An article in today’s Wall Street Journal entitled SEC Takes On Target-Date Funds, discusses the SEC’s efforts to improve disclosures made in these popular investments.
What are Target-Date Funds?
Like most mutual funds, Target-Date Funds invest in a mix stocks and fixed income investments. What makes these mutual funds different is that the percentage of asset classes change over time as the fund approaches a target date. For example, if you plan to retire in 20 years and live off of the income from your investments, you could invest in one of these funds with a target date of 2029. At the beginning of your investment period, the fund would be heavily weighted in stocks as opposed to the fixed income investments. As you approached the 20 years target date, the fund would become more heavily weighted in fixed income investments. Because of this shift over time towards a more fixed income-centric, the fund presumably becomes more conservative and income- oriented as you approach retirement. This shift in asset allocation is commonly known in the securities industry as a “glide path.”
Why is the SEC scrutinizing these funds?
As with most securities related problems, it usually boils down to poor returns and poor disclosure. According to the Wall Street Journal article, the average loss in 2008 among 31 funds with a 2010 retirement date was almost 25%. One of the issues that the SEC is considering is whether the use of a particular target date in fund’s name is misleading. It is plausible that investors could construe a target date as some sort of guarantee about future results.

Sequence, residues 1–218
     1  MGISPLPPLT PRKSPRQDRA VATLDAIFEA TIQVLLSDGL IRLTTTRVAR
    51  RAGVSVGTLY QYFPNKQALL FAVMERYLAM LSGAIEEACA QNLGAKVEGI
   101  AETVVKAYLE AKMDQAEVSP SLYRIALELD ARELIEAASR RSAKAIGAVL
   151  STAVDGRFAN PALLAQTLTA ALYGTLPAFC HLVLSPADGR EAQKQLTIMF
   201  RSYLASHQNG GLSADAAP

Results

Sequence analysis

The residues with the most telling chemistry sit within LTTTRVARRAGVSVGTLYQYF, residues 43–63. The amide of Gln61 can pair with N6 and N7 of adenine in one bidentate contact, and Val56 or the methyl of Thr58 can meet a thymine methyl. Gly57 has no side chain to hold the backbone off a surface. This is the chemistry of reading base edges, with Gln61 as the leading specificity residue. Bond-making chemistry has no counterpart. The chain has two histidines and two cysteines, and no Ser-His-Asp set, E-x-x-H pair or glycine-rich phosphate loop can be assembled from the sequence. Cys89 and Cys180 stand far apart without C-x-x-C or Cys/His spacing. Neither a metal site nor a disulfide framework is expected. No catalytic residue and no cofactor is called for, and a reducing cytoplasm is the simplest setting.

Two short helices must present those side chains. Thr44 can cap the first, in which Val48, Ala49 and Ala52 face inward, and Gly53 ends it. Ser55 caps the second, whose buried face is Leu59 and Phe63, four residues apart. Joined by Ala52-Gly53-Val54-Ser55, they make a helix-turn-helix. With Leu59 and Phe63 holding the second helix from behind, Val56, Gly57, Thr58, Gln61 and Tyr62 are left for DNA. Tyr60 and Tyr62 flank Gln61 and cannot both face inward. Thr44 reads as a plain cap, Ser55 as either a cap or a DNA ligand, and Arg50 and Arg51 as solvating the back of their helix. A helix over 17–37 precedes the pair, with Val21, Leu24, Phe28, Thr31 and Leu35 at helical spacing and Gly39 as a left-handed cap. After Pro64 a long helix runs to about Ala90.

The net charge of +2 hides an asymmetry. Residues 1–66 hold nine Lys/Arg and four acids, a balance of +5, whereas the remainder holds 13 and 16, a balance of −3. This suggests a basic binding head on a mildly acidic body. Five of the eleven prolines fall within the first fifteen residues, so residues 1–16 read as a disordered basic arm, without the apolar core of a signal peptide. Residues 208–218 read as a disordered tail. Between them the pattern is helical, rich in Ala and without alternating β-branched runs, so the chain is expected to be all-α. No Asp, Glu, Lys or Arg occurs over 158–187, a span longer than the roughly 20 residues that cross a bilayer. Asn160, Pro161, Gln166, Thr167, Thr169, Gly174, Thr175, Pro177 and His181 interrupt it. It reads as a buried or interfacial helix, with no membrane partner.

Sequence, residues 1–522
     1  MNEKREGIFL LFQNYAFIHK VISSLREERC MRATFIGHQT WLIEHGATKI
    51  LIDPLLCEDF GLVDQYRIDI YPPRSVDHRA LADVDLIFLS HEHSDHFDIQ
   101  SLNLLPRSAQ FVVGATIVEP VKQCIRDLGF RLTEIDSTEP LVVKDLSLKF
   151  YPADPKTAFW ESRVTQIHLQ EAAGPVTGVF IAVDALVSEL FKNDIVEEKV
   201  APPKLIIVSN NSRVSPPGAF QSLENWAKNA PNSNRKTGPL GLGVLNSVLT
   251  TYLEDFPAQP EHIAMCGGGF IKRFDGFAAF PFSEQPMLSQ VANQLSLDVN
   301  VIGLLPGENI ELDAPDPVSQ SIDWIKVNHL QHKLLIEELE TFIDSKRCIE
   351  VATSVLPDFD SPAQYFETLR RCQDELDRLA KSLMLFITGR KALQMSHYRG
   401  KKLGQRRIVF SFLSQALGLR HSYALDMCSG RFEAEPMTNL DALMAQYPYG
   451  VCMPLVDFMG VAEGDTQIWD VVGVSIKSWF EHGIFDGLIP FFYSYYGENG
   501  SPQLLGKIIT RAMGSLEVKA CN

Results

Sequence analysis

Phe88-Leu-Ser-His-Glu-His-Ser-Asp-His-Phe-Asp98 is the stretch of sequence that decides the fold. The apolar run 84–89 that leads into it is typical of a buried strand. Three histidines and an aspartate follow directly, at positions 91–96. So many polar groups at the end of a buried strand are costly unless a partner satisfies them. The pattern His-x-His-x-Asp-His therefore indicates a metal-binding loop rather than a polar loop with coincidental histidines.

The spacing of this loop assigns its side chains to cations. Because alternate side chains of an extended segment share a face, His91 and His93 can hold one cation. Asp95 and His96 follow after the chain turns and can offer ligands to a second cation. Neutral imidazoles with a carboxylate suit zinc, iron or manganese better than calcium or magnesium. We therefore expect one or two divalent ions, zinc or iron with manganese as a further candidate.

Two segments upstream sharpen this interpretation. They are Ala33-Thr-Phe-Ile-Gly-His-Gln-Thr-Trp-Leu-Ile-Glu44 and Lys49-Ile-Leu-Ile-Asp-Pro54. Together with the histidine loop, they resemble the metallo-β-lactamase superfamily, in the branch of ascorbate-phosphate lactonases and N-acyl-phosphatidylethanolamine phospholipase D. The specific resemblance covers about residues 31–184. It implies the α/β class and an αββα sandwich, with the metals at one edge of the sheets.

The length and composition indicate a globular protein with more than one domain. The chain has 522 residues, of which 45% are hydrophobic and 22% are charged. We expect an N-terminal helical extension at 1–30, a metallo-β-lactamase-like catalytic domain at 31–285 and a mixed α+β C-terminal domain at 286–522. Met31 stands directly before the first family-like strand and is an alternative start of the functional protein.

Also, disclosures about the “glide path” methodology that a fund manager uses to shift asset allocations over time are based on assumptions that may not conform to an individual investor’s real life circumstances. These assumptions are not always adequately explained in the prospectus. As a result, the investments may not be suitable for a particular investor’s financial needs.
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The Doss Firm, LLC is an Atlanta-based law firm devoted to protecting the rights of consumers/investors against the financial services industry. For more information about our firm, pleae visit our website at www.dossfirm.com.
Jason Doss is the owner of The Doss Firm, LLC, an Atlanta-based law firm devoted to representing consumers across the country in a variety of areas including investment disputes and consumer class action litigation. Mr. Doss earned his J.D. from Florida State University in 2002 and his B.A. from the University of Florida in 1997.